As announced in the Spring Budget earlier this month, the Government are set to increase duty rates on all alcoholic products produced in, or imported into, the UK in line with inflation at 10.1% RPI. These measures will take effect from 1st August 2023. Unsurprisingly, in addition to the cost of living crisis, these changes have been met with opposition and feelings of insult from across the industry, from distillers and producers to consumers.

Broadly speaking, the new alcohol duty regime will tax alcohol according to its strength (ABV). This has been divided into four categories:

  • 1.2 to 3.4% ABV;
  • 3.5 to 8.4% ABV;
  • 8.5 to 22% ABV; and
  • above 22% ABV.

Most wines will fall into this third category. As per the Government’s policy paper on this duty increase, the revised rate for all alcoholic products that are at least 8.5% ABV, but do not exceed 22% ABV, is £28.50 per litre of alcohol in the product. The Wine and Spirit Trade Association (WSTA) have calculated that this means an additional 44p more tax per bottle of wine. The WSTA have said that these changes mean that some 90% of all still wine will experience a duty increase. According to Miles Beale, Chief Executive of the WSTA, this will be“the largest increase in wine duty since 1975”.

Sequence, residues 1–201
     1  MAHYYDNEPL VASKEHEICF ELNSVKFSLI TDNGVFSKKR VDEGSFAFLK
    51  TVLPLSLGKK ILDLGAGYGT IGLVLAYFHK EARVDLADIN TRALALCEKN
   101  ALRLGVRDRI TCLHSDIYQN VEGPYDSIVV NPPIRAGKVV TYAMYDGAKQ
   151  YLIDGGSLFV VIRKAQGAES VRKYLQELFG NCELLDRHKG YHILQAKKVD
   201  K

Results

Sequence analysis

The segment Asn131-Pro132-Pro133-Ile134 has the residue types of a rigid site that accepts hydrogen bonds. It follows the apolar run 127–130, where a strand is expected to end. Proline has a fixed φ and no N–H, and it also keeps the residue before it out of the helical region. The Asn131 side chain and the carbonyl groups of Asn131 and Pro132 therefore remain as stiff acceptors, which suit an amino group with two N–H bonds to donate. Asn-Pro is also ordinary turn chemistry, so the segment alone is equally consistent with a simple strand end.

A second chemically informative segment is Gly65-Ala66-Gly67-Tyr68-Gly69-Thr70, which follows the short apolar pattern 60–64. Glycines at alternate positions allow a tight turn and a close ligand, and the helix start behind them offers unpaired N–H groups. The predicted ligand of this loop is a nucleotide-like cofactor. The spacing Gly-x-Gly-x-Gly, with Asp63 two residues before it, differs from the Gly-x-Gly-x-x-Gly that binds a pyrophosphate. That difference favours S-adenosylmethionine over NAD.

For spirits, like whisky, that exceed the 22% ABV, the duty is set to be £31.64 per litre of alcohol in the product. Graeme Littlejohn, Director of Strategy at the Scotch Whisky Association, explained that this duty rise would result in almost 75% of an average priced bottle of whisky going directly to the Treasury through duty and VAT.

For a more detailed breakdown of the alcohol duty rate changes click the link below to read the Government’s policy paper.

Related Posts